The first step of the hardware building of the PONF project has been done. The image gallery shows the backstage transforming a vintage 70’s analog reflex to the development platform for the electronic back of the PONF dual-back camera.
Buttons and tactile switches are frequently used in many projects involving micro controllers; one of the most frequent issue we met is related to unwanted multiple transitions when the button is pressed once.
Tactile switches, as well as push buttons are mechanical components subject to the problem of bouncing. When a button is connected to a digital GPIO input pin (i.e. an Arduino pin configured as INPUT) we ideally expect that when the button is pressed we get only one high digital signal; unfortunately this rarely happens. During the mechanical movement the physical material vibrates affecting the voltage and the transitions between the On/Off status are not so clear as we usually need. Micro controllers and FPGA are fast enough reading the microseconds oscillations when the button is pressed, resulting multiple readings while apparently we are pressing the button only once.
Read more on Element14 full post: Vintage 555
Thanks to Jeremy Cook for featuring the 3D printer filament monitor on Tindie blog!
Prototype is alive
The first prototype is running by about three days and after some revisions on the Arduino software (mostly on the calculation algorithms) it works fine, ready for the public.
- Arduino uno R3
- 5kg max load sensor
- Mx711 chip analog to digital sensor amplifier
- A very small circuit with two buttons and a dip-switch
- 16×2 alphanumeric LCD monochrome display
- Orange LED (shows the load sensor readings when flashing)
Easy to use
The Arduino script has been done to make the use of the tool while 3D printing; it works in a semi-automatic mode and does not need calibration or settings. One of the most interesting aspects is the ability to manage automatically the filament roll also if it is not on start. Then you can change it (e.g. changing the filament colour or material) and the system continue working.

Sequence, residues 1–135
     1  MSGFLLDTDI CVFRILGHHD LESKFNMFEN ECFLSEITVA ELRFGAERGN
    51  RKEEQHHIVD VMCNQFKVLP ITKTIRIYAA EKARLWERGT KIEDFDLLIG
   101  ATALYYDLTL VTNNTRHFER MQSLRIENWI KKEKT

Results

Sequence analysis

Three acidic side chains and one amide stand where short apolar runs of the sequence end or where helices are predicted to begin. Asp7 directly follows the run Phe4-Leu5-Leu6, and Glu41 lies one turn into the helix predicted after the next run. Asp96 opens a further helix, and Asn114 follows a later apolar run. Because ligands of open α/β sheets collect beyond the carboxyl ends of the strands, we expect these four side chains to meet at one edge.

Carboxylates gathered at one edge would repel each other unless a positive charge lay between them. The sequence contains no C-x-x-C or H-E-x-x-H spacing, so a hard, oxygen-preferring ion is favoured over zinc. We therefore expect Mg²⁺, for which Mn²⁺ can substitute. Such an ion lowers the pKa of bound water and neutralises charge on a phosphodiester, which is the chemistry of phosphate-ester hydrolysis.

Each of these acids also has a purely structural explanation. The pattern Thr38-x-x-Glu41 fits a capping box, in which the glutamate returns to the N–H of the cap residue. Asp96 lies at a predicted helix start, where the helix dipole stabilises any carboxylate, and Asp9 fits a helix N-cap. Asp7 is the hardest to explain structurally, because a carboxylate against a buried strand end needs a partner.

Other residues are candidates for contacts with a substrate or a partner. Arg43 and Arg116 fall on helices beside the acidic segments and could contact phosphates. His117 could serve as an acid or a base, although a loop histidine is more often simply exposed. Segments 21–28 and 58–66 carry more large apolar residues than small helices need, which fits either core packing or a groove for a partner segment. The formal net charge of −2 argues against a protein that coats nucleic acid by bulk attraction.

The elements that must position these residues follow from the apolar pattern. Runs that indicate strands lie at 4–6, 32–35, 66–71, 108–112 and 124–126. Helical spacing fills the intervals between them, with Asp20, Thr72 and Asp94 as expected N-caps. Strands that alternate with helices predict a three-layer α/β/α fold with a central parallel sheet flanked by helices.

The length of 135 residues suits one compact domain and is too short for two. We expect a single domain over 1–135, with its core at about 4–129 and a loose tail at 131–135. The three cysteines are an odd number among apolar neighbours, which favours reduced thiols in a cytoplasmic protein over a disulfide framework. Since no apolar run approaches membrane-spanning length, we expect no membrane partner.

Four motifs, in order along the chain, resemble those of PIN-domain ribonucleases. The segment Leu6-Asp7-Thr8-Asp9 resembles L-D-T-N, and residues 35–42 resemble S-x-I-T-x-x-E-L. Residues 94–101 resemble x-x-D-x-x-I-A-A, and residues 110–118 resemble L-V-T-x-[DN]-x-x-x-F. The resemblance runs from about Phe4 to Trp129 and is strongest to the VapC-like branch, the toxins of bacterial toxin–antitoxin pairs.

What you should know
Before starting using the filament monitor you need to know the empty roll weight. This is the only fixed variables that can’t be calculated or deducted internally. Knowing this value is easy and you do not need to have an empty roll, obvious! If you weight on a digital scale (possibly one for kitchen more precise than a bigger one) you see that the 1Kg filament roll weight some more, e.g. 120 Gr. This is the weight of your roll that should be setup as the filament tare.
You should also know: Material (PLA or ABS are supported), filament diameter and full roll weight. These values should be preset through the three dip-switches as shown in the following table:
Meaning Off On Material PLA ABS Diameter 1.75mm 3mm Weight 1kg 2kg
- Power-on the support without the filament roll and wait for the display showing Started, The system is self-calibrated to the internal zero point.
- Put the filament roll on the rotating support and press the control button. Arduino calculates the effective weight, deduct the filament tare and enter in the Ready state: remaining meters and percentage of filament as shown too
- Press the control button again; it enters in the Load state and you can start printing!
Pressing the second button you switch between grams and centimeters the constantly updated value of the consumed filament on the second line. The first line instead shows the remaining meters and the used percentage.
Note: as the length in centimeters reach the value 100 (1 meter) the displayed value is shown in meters instead.